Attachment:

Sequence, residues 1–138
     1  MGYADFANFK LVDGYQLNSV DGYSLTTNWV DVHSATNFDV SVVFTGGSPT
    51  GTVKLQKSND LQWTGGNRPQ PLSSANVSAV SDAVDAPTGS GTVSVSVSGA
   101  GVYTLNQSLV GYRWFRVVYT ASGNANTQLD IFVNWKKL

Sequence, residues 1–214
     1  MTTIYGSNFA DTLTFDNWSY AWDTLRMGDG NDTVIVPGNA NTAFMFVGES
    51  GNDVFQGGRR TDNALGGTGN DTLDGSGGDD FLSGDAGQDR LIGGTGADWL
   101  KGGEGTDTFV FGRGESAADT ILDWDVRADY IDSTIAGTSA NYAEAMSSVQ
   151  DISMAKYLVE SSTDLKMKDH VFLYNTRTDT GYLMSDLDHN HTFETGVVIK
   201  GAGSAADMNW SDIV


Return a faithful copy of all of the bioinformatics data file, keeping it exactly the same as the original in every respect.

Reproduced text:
Sequence, residues 1–138
     1  MGYADFANFK LVDGYQLNSV DGYSLTTNWV DVHSATNFDV SVVFTGGSPT
    51  GTVKLQKSND LQWTGGNRPQ PLSSANVSAV SDAVDAPTGS GTVSVSVSGA
   101  GVYTLNQSLV GYRWFRVVYT ASGNANTQLD IFVNWKKL

Sequence, residues 1–214
     1  MTTIYGSNFA DTLTFDNWSY AWDTLRMGDG NDTVIVPGNA NTAFMFVGES
    51  GNDVFQGGRR TDNALGGTGN DTLDGSGGDD FLSGDAGQDR LIGGTGADWL
   101  KGGEGTDTFV FGRGESAADT ILDWDVRADY IDSTIAGTSA NYAEAMSSVQ
   151  DISMAKYLVE SSTDLKMKDH VFLYNTRTDT GYLMSDLDHN HTFETGVVIK
   201  GAGSAADMNW SDIV